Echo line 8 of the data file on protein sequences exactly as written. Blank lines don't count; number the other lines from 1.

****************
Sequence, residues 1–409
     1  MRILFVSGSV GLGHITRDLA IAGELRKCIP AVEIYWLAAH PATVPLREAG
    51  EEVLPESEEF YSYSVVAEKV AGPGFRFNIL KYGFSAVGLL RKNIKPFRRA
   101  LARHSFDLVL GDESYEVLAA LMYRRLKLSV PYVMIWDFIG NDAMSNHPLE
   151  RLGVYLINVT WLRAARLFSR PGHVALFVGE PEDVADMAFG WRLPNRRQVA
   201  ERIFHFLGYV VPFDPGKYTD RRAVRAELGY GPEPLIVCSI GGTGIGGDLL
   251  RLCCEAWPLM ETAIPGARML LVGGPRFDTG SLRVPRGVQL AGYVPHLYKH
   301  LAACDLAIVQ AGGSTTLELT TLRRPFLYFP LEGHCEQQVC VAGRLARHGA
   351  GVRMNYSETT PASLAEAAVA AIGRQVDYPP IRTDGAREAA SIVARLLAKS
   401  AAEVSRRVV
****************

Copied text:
   301  LAACDLAIVQ AGGSTTLELT TLRRPFLYFP LEGHCEQQVC VAGRLARHGA